Maharlika 23

Fiction by | October 28, 2007

Excerpt from the author’s ongoing scifi epic narrative Maharlika 23.

In a parallel dimension, the eon Sun glistens over Maharlika City, a strategic metropolis in a continent of planet Erthe. It is another morning in the year 2276 for its 3 million inhabitants, considerably among the largest urban areas by 23rd century Erthean standards. The city is an eclectic profusion of newly evolved Ertheans aggrupating from the various continents of the planet, and of interstellar representatives as well. With other metropolises, it is a pilot area for the immersion phase program of Erthe Federation and the Confederacy of Interstellar Citizens (CIC). The city is a virtual melting pot of intergalactic cultures with 4th Dimensional and 5D-evolving SUPERbeings.

Grand Old Man, intimately referred by the local inhabitants to a nearby volcanic mountain, is a silent witness to the growth of the populace. Rising from the terrain ranges of the city’s backdrop, the forests below its revered peaks reflect the early morning sprinkles as they slowly roll down the landscape and into the gulf boundaries of the sea. The evergreen blanket surrounding the city, its profusion of flora and fauna with remarkable species once dubbed endangered yet reviving to a healthy population, attests to the success of a conservation program implemented by Erthean ancestors centuries ago and had since survived even after the Great Upheaval (GU).

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Fiction by | October 21, 2007

By the time Jheric got to the car, it was too late. The blue Toyota Corolla had already backed out of its space. Its window rolled down a notch and Vhong’s hand reached out for the coins. Then the car was on its way out of the supermarket parking lot.

“Hey! That was my customer! You know it was!” Jheric shouted.

“Ha! Early bird and all that, runt!” Vhong said. He jangled the coins in his hand.

“It’s mine! It’s mine!”

Vhong held Jheric back at arm’s length. Jheric flailed but his hands barely even reached Vhong’s shoulder. A small crowd of boys had gathered around them. “Go, Jheric! Give him what for!” They laughed. Vhong pushed Jheric. Jheric fell on his butt.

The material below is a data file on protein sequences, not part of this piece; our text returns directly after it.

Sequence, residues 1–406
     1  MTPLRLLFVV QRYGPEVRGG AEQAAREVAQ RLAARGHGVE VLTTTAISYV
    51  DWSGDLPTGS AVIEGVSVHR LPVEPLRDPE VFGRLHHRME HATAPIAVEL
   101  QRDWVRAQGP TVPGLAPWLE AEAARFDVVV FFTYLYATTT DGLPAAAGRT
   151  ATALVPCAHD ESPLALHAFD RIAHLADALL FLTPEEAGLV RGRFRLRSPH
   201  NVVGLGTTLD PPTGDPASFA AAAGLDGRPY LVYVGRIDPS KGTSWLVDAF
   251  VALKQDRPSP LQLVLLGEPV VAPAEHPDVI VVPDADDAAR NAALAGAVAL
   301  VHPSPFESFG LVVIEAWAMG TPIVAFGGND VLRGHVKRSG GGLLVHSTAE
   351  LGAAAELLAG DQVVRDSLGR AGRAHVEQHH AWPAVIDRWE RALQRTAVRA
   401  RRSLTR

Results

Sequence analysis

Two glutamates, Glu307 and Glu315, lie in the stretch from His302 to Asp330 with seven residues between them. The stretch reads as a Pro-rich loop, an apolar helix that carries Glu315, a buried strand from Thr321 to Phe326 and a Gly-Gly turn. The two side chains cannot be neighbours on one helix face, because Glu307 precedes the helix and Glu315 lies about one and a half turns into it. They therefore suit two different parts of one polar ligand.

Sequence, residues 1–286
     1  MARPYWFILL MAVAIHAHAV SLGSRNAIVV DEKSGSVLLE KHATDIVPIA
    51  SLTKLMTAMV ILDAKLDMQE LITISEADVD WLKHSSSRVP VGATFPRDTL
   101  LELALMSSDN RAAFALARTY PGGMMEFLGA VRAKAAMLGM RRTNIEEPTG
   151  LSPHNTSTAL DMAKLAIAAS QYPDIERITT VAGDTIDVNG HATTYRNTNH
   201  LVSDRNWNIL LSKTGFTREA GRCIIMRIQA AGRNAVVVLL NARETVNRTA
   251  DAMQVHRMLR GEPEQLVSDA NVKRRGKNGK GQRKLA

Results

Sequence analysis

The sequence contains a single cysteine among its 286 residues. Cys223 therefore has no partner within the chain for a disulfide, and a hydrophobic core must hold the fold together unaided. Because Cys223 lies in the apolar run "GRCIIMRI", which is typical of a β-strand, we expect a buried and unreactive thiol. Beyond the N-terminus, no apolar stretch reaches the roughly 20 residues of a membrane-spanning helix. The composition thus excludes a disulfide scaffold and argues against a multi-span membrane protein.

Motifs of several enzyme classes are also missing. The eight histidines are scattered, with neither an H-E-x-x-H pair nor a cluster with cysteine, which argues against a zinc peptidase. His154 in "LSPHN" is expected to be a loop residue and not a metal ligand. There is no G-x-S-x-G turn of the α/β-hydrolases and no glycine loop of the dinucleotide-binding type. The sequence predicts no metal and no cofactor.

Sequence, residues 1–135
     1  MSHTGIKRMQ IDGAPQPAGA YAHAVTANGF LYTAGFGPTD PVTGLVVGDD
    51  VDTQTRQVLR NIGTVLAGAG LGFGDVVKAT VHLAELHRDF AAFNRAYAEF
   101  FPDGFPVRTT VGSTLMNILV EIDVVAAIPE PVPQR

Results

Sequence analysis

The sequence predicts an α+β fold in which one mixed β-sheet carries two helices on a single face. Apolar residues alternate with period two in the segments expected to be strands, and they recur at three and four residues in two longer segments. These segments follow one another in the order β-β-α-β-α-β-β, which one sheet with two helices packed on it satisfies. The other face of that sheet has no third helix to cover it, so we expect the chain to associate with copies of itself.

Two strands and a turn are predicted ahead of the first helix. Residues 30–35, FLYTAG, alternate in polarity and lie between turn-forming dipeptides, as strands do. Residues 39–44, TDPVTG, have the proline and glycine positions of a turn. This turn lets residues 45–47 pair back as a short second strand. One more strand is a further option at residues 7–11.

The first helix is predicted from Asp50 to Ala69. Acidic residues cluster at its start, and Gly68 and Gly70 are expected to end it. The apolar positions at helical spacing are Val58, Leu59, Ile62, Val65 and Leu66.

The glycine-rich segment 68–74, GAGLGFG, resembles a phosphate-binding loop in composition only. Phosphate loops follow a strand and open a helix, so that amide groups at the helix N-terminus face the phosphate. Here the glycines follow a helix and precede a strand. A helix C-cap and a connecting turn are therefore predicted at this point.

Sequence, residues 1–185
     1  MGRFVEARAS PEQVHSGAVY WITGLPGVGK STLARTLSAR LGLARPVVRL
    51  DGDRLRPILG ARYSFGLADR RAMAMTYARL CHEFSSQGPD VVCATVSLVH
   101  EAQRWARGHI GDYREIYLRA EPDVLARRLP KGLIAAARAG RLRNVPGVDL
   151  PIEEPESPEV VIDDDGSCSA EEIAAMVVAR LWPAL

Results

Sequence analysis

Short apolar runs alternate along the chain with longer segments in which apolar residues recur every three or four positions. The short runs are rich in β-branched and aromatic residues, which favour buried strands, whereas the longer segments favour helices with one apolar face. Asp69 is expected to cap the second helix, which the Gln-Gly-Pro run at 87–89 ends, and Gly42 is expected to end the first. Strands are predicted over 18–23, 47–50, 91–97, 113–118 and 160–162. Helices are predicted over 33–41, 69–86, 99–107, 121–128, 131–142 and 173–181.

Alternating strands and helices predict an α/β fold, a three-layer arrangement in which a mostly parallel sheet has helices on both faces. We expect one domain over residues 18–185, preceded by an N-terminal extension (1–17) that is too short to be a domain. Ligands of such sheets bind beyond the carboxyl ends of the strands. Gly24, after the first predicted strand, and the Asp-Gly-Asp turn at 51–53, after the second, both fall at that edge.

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Boob Tube Monologue

Fiction by | October 14, 2007

My little brother returned home two days ago from Diliman for the vacation. Now, he sits beside me while I navigate the channels to check what television networks have in store for the summer.

Not a minute passes that David says, “I don’t like that they call our generation the Generation Y.”

I turn to look at David. Only eighteen years of age, a year younger than I, and having to spend two of those years in that university, and look now what he thinks the world is doing to him.

“It’s a slap to our face that we are named so because we have a predecessor that was labeled Generation X. It’s that structuralism thing. You are named this because you are after that. Blah…blah…blah…”

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The Black Moor

Fiction by | October 7, 2007

“So how’s everything?”

If only one could establish a pattern from its movements, he could perhaps assume that it is perfecting a complicated terpsichorean sequence. “Mmm… Okay.”

“Well, I will just tell the guys you’re coming home during the sem break. Perhaps you will have news to tell by then.”

The black fish in the bowl moved to the right wagging its tail as if calling attention to its translucence. “What? Ah, yah, sure…bye.”

It hurled upwards. Its mouth formed a small “o” while meeting these brownish crumbs its owner, the eldest son of the landlady, was sprinkling into the bowl.

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Magdalena and Scenes of Chronic Poverty

Fiction by | September 16, 2007

It’s About Time You Meet Her